With a slow and sluggish economy the past few years, many debtors who entered into Chapter 13 bankruptcy reorganization plans are finding that they are unable to make their monthly payments. If you miss your payments, the trustee could make a motion to dismiss your case. You would lose the protections given to you under the bankruptcy laws from creditors trying to collect debts against you. This means if you miss your mortgage payment, your lender could foreclose. If you miss your car loan payment, the car finance company could repossess your car.
The worst thing you can do is to ignore the situation and stop making your payments. As soon as you realize you are no longer going to be able to make your Chapter 13 monthly payments, you should consult with a bankruptcy attorney. The good news is you have options, but you need to act quickly before you get too far behind in your payments. Your bankruptcy attorney can sit down with you and come up with an alternative solution that works for you and your creditors.
Here are some options that may work for you:
Convert a Chapter 13 bankruptcy to Chapter 7 bankruptcy. If you don’t own substantial assets, you might want to think about converting your Chapter 13 bankruptcy to a Chapter 7 complete liquidation. If you have a mortgage on your home and want to keep it house, or you have a car loan, you can reaffirm those debts in a Chapter 7. There are also bankruptcy exemptions you can take advantage that may allow you to keep your home and some of your personal assets. The good thing about a Chapter 7 is that your unsecured debts get wiped out so you can start all over again without owning any credit card debts or medical bills.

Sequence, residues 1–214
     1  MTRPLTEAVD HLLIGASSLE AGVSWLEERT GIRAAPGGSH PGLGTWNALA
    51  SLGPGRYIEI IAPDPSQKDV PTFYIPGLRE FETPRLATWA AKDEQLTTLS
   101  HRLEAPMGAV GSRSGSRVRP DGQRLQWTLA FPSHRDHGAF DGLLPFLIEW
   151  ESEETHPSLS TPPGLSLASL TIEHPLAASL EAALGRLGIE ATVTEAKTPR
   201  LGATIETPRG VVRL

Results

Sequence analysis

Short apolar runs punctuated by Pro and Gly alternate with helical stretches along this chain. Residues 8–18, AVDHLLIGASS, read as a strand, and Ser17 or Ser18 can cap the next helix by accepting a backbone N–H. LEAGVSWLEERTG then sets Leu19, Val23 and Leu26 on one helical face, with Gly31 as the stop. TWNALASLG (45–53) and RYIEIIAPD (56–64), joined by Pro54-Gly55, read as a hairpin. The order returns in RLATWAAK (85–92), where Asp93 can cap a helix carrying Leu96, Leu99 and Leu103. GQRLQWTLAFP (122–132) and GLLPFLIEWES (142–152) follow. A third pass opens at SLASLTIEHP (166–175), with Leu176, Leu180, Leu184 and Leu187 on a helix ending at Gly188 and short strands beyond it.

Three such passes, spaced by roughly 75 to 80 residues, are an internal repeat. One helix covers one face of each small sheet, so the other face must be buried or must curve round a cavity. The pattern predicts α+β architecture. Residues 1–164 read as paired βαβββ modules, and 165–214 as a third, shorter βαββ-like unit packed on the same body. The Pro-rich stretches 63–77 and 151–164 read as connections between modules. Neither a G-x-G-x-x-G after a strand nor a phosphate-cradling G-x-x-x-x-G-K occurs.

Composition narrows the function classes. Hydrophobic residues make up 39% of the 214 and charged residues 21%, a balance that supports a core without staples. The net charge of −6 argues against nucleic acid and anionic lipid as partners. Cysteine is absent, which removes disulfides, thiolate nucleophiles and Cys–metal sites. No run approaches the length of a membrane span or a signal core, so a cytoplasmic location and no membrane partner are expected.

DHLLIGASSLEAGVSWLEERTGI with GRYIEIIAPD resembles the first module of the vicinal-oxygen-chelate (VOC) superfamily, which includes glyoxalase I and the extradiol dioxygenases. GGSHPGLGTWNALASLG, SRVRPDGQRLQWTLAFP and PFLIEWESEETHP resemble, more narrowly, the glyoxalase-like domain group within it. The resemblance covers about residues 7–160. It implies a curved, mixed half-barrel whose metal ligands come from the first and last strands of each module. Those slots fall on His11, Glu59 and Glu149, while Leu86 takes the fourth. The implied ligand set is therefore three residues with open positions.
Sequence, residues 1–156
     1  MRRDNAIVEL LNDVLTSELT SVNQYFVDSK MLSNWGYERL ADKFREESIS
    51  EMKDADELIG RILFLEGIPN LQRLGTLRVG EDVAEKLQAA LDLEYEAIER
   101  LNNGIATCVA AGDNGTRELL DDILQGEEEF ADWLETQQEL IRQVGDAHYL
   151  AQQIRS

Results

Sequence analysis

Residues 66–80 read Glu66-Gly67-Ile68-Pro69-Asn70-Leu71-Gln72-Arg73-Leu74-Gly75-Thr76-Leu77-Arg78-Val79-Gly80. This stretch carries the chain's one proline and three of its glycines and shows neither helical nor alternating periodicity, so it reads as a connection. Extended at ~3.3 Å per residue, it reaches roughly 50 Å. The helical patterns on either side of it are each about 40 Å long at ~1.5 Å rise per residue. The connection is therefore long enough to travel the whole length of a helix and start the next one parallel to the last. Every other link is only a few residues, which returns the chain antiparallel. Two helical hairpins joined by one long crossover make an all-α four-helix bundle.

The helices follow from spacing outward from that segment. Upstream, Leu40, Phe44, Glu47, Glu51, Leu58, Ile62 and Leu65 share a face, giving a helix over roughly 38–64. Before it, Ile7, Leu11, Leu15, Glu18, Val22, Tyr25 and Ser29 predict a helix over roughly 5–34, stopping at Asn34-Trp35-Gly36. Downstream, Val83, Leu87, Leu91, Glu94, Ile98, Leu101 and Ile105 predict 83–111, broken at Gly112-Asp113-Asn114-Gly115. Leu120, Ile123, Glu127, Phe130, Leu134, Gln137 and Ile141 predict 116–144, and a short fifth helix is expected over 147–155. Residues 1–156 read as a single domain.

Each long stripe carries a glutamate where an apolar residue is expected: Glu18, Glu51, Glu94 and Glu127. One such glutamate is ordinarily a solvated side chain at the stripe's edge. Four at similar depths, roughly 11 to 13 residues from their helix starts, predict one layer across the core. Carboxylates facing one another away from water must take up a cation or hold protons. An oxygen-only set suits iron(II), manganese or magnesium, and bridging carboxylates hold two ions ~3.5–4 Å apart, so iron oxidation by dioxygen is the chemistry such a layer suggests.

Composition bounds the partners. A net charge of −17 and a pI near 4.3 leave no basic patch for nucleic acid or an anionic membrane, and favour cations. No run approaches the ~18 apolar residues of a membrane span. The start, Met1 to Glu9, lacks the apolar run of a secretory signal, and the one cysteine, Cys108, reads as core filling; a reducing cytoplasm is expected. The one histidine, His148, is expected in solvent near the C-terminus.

Ask the court to voluntarily dismiss the bankruptcy. You could request that the court voluntarily dismiss your bankruptcy, but you would lose the protections afforded to you under bankruptcy such as an automatic stay against your creditors collecting debts against you. When the bankruptcy is dismissed, you are no longer obligated to your Chapter 13 payments any more, but your creditors could obtain judgments, liens and wage or bank garnishments against you.
Renegotiate with your creditors to amend your Plan. There is also the option of asking the bankruptcy court to amend your repayment plan and readjust your payments so they are more affordable for you. However you would not be able to extend the repayment plan beyond the 60 month (five year) statutory limit. If your income has been reduced, this might be the best option for you, providing your creditors and the bankruptcy trustee approve the adjustment and agree to renegotiate the payments with you. It never hurts to ask them, all they can say is “no.” Chances are your creditors will be agreeable under most circumstances because they would rather get paid some money than no money.
If you currently filed for bankruptcy protection under Chapter 13 and want to convert to a Chapter 7, or you need to file for bankruptcy protection, you should contact our office to discuss your bankruptcy options. Contact our office immediately.